Meli, sorry to ask but why the f…. did you move back home after staying in amazing Madeira?
(and I managed to find a nice SEO-friendly title again…)
Because to be on holiday somewhere and to live at the same place have nothing in common.
Oh god, was it pretty evident for everybody but me?!
(Listen to the music while reading blog post.)
In the last three months since I moved back home every single person asks me this question with a puzzled look which tries to cover something like ‘poor thing doesn’t know what she’s doing” or ‘if I had the chance to move to Madeira, it’s zicher that I wouldn’t come back’.
Only that amongst these people there is nobody who has ever lived in Madeira.
(In Austria with friends. Which ones are my feet?)
I had visited this island four times before I made the decision to move there for the rest of my life enjoying the ocean breeze, the endless banana fields, the million species of local fishes and fresh papaya right from the trees. You can not say I didn’t know where I was about to move.
But I made a big mistake, I confused the two-week holiday with the life-long holiday. So I had several answers for the question ‘Why did you choose Madeira?’
- Just because. (OK, well, it’s quite a girly answer, but still true.)
- I love banana.
- My dream is to sip coffee by the shore of the Atlantic as a habit on every lazy Sunday morning.
- ‘cause there is almost no air pollution there, but there are big mountains, big water, fresh fish and strong poncha.
- You can go to the beach and swim in the ocean even in January.
- If you happen to move somewhere, it might as well be a paradise island in the middle of the Atlantic.
(The amazing 4.000m high mountains of Switzerland)
Being pretty contented with my highly intelligent answers, I forgot to collect some pieces of information. Nothing serious, just some of minor importance, like:
- Is there a wide variety of pretty good work opportunities for foreigners? (Hardly.)
- What percentage of the locals are the mammas over seventy who will be my future neighbours? (90.)
- On a scale from 1 to 10 how happy are the local young people who had gone to the mainland to be a university student and then returned to the island? (1.)
- Can it happen that locals are drunk/stoned most of the time because they don’t have the slightest idea what to do with their life in that tiny little island? (Absolutely.)
- Is it raining for five long weeks in winter with 160 km/h gusts? (Continually.)
(We enjoy the late summer rays of sun sitting on the top of a rock in Arco, Italy)
I started to feel that Madeira was not qualified anymore for the winner of My Dream Place, but moving elsewhere was a tough decision to make, I had to fight with my own ego fiercely. I am not the giving up type which means that sometimes I just don’t know when it’s time to let go of something.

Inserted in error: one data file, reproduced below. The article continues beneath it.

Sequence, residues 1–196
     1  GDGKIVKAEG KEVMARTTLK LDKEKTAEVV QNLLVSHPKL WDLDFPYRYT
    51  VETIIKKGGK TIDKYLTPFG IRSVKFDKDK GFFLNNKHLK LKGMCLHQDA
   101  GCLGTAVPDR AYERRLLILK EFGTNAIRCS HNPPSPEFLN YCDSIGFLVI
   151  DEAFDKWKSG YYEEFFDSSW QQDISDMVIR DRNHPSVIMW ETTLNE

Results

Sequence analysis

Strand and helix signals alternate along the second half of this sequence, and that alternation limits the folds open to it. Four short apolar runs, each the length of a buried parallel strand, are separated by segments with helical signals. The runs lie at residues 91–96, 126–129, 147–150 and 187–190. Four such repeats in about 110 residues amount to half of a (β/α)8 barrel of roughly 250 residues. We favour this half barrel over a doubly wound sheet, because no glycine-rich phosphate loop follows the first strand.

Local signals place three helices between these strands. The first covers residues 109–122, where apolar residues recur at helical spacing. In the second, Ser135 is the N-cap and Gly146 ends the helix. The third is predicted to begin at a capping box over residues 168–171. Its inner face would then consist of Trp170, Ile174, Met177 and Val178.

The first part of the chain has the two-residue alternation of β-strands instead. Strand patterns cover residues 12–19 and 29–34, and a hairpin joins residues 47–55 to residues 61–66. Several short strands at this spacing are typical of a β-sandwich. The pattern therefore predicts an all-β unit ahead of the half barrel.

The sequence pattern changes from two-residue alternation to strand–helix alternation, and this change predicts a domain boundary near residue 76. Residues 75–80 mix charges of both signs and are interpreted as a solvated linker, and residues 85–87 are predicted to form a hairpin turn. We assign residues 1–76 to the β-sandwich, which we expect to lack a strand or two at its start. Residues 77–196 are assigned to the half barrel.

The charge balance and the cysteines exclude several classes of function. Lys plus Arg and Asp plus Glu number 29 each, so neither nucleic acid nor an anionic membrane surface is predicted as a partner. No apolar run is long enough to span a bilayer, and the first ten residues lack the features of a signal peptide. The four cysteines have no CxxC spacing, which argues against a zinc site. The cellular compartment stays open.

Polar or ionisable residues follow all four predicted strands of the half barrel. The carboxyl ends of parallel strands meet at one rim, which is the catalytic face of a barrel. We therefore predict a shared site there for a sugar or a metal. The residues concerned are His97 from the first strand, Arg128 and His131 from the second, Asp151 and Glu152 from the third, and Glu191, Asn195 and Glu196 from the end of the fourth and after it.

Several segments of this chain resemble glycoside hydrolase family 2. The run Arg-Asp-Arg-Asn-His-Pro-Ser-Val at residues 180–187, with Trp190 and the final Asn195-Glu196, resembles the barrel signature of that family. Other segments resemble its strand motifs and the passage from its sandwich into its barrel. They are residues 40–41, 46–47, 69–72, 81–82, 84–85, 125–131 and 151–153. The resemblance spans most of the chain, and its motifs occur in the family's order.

I was not happy in Madeira, but didn’t feel like leaving it either. I explained to myself why in thousand different ways, but the truth is that I was just incapable of letting go my dream of living by the ocean. And just to make it even more difficult, I used to think that leaving the island meant failure.
(Gesäuse National Park, Austria)
I couldn’t have been more wrong.
Coming back home meant that I realized my former journeys were partly inspired by a hidden desire for escaping the present, not only by wanderlust.
It also meant that I decided to hit the road again only when I want to be in a place instead of ‘not being present’ in another place. If you know what I mean.
It also meant to hug my loved ones again after a long time.
And also to find shelter in Veszprém, Hungary and to admit that I love to watch Lake Balaton in stormy weather just as much as I love to watch sunset over the ocean.
And to start living again shouting out every single morning to the world how amazing life is.
(I simply have no words for Switzerland.)
After having returned to Hungary I decided not to travel for a while. It took me only a week to change my mind.
Next weekend I went to Austria with Karine my Brazilian friend to Peter’s place, our mutual friend we had met in Madeira. After a couple of days I found myself in the Netherlands with Dóri who gave me shelter until I could move to my apartment in Veszprém. Later on we hiked the gorgeous mountains of Switzerland with Mom and Dad, then spent some time climbing in the amazing National Parks of Austria with Norbi, Gábor, Ági and Eszti. Soon I had the chance to do some via ferrata by Lake Garda in Italy with Szilvi and Imi, followed by paragliding in Tolmin, Slovenia with friends (long list of names).
In the next couple of weeks I’m planning to visit Portugal and the island of Sardine so I might need to review my decision not to travel for a while.
(Magical sunset over Lake Balaton in Hungary watched from a sailing boat.)
After this long blog silence I’d finish this post inspired by the famous saying of Mayakovsky on Lenin, thanking you that you keep reading my blog and following me virtually on my way even if I write on an irregular basis:
Mind the Map lived, Mind the Map lives, Mind the Map will live forever.
(The cover image of this post is taken of me by Rui Pestana in Veszprém. Big thanks!)